Tuesday, July 8, 2014
Dream Apart Playtests
During my May trip to the US, I got to do five1 playtests for Dream Apart, the storygame of the fantastic shtetl (Dream Askew meets Isaac Bashevis Singer) that I've been working on.
I played in three of the playtests; one I observed and facilitated, but didn't have a character myself; and one was at the other end of the table in the gaming room at Wiscon. That one was run by (and written up by!) the very able Julian Hyde, who was willing to jump in and run the game without even having seen it in advance, for which I am grateful.
Observations on playtesting:
- I was lucky to have a very diverse collection of testers, in terms of gender, background, ethnicity (relevantly for the genre, some playtests were mostly Jews, while one may possibly have been all goyim), and experience -- ranging from people with experience in rules-light narrativist storygames, to people with more traditional RPG experience, to people who were brand new to this sort of game. A few notes on reaction by category:
- Authors sure do like setup. If you play this game with pure gamers who have no authorial ambitions, expect setup to take a half hour as people circle their favorite options and give punchy, cogent answers to the setup questions. If you play it with published authors, expect setup to take an hour and a half as your players construct elaborate, interwoven backstories and scenarios and entire chronologies, before the game even starts.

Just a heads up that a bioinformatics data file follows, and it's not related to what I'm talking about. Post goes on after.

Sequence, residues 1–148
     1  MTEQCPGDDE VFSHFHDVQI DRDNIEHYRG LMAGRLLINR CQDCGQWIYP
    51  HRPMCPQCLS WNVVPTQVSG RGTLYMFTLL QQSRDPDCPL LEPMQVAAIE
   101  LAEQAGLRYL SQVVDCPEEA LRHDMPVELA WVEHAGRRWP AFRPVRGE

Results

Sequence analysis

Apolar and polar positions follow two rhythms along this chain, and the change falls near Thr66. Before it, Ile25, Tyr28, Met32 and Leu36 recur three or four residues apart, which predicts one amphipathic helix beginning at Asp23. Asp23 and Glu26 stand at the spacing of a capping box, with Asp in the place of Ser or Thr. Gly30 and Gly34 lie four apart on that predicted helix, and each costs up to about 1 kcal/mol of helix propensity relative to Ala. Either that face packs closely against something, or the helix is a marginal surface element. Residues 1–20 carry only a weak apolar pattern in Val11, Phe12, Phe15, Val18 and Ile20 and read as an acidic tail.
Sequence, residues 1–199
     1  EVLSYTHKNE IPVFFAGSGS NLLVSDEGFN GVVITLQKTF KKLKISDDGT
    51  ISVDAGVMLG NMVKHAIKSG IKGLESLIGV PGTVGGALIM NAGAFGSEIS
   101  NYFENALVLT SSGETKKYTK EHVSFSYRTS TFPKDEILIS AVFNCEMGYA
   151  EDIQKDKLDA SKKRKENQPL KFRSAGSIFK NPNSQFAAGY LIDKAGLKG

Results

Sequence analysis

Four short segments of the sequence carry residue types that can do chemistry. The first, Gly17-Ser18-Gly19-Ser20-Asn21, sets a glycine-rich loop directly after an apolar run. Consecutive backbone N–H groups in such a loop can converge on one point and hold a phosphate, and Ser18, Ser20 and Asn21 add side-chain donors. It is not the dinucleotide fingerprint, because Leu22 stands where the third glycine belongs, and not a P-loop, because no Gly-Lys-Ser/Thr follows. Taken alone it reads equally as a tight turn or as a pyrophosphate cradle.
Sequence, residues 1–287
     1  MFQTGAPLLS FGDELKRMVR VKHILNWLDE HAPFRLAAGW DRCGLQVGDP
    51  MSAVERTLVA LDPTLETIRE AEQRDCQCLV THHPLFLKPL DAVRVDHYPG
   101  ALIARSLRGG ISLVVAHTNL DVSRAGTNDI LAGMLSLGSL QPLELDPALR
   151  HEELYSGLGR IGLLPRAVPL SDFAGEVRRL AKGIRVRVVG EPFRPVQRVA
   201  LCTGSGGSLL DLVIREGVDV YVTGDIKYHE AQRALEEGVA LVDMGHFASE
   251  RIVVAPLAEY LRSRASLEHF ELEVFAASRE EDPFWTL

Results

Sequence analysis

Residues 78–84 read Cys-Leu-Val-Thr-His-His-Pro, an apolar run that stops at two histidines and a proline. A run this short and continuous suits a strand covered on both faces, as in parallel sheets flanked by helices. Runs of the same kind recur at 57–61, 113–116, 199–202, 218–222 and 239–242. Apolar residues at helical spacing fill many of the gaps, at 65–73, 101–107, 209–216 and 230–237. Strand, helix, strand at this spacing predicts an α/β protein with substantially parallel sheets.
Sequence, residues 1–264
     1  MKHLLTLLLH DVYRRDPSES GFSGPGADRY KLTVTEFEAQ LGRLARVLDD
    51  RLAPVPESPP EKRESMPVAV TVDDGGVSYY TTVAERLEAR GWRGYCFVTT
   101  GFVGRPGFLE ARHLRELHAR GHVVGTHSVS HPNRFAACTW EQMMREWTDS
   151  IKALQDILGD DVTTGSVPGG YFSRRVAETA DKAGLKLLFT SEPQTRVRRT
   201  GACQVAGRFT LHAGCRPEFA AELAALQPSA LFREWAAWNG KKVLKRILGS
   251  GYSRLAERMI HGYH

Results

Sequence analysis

- Traditional RPG gamers had issues with the game's structure and instructions -- more so than either complete neophytes or experienced storygamers. Dream Askew/Apart expects a high level of fluid interchange of narrative authority, which can perplex if you're used to a game that structures narrative authority explicitly. Not being sure "how much you should GM" can lead to being hesitant to bring another player's character trouble, or to drive things to closure. Neophytes seemed more likely to jump right in to negotiating narrative authority (after all, the last storygame they played was "let's pretend", when they were eight), while some traditional RPG gamers seemed distracted by the absence of structure.